8 Simple Tips to Driving on Wet Roads


Driving on wet roads can be treacherous, but with some simple precautions and driving techniques, you can significantly improve your safety. Here are eight simple yet effective tips to help you cope with wet roads and seasonal storms:

Here are 8 simple but effective tips for driving on wet roads.

1.) Check Tires: Ensure that your tires have sufficient tread depth and are properly inflated. Adequate tread depth and proper inflation provide better traction and manoeuvrability on wet roads. Worn-out and shallow tread can increase the risk of hydroplaning, compromising your vehicle’s braking ability and steering control. If you’re unsure about your tread depth, visit our service centre, and we’ll be happy to check it for you.

2.) Slow Down,  Just like driving in winter, driving in rain can be just as dangerous. Slowing down during wet driving conditions is critical to reducing a car’s chance of hydroplaning. Hydroplaning is when your tires float on the water laying on the road instead of riding on the pavement below that provides friction and grip. With as little as ½ inch of water on the road, tires have to displace a gallon of water per second to keep the rubber meeting the road. Even at speeds as low as 40 kilometres per hour, new tires can still lose some contact with the roadway so slowing down is one of your best remedies to safe driving.

3.) Leave Room: Allow extra stopping distance between cars by increasing the distance between your vehicle and the vehicle in front you. This also means beginning to slow down early when stopping for intersections, making turns or approaching traffic. Even though todays vehicles are technologically superior to those of past physics is physics and wet conditions affect stopping distances.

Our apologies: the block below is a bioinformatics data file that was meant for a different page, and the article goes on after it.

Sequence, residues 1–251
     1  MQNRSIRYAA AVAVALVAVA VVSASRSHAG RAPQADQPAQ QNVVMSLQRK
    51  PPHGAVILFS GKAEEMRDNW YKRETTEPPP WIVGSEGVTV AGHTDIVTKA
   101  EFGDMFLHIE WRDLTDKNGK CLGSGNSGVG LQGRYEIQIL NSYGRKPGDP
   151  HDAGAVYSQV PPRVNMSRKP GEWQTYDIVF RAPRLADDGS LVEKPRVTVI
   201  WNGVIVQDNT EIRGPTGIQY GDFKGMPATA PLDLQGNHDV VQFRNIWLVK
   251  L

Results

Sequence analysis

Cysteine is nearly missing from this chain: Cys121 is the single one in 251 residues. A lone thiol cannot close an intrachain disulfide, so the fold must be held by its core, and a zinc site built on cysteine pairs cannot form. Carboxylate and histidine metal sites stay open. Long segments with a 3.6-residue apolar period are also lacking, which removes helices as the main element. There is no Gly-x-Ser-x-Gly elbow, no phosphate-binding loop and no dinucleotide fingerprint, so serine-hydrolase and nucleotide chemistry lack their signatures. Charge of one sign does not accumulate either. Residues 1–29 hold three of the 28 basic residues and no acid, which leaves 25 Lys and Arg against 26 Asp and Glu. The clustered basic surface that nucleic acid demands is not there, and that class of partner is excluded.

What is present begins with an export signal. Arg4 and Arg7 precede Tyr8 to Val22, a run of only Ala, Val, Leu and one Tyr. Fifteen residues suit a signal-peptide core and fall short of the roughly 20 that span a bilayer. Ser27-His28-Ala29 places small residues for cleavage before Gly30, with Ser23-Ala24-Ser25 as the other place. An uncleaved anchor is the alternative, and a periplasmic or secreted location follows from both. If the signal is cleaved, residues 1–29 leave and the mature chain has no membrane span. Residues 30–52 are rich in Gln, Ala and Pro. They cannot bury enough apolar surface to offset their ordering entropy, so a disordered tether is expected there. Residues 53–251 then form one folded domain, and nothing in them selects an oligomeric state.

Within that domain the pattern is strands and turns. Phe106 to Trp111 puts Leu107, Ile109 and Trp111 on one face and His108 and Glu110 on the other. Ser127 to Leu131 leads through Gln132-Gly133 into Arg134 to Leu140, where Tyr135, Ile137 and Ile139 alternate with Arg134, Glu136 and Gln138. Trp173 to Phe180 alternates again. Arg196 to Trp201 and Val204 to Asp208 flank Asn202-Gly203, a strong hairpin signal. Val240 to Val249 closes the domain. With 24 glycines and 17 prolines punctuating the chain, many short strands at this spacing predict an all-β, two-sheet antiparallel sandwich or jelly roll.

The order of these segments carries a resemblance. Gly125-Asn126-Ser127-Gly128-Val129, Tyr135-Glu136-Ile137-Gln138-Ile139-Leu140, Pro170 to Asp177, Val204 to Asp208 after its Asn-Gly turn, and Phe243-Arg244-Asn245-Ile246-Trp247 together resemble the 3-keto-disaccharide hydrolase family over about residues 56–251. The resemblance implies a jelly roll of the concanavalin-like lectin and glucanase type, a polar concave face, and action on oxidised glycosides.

4.) Avoid Cruise Control: In wet conditions, the chance of losing control of the vehicle increases. Cancelling cruise control requires extra time to push a button or engage the brakes both are dangerous on slippery roads and when visibility may be reduced.

5,) Ensure Visibility: Make sure your headlights are on to help you see better and so other vehicles see you. Avoid using your high beams because the extra light will reflect off the rain could blind other drivers and may cause more of a distraction for you. If you can’t see the edges of the road or other vehicles at a safe distance while driving, pull off the road as far as you can and wait for the rain to ease up. Make sure to turn on emergency flashers to alert other drivers.

6.) Do NOT drive with hazard lights on: This is a common error many drivers make while driving in the rain in an attempt to help be seen. However, hazard lights are supposed to be used by vehicles that are disabled on the side of the road. Turning on your hazards while driving can confuse approaching motorists and cause a crash.

7.) Avoid standing water: There is no way to tell how deep standing water is on a flooded road and driving through it can cause a vehicle to stall and result in severe damage to the vehicle.

8.) If you stall in a flooded area: DO NOT remain in the car. Abandon it as soon as possible and seek higher ground. Flood waters can elevate quickly, sweeping away the vehicle and its occupants. If you leave your car be sure to turn on your hazard lights to alert approaching drives.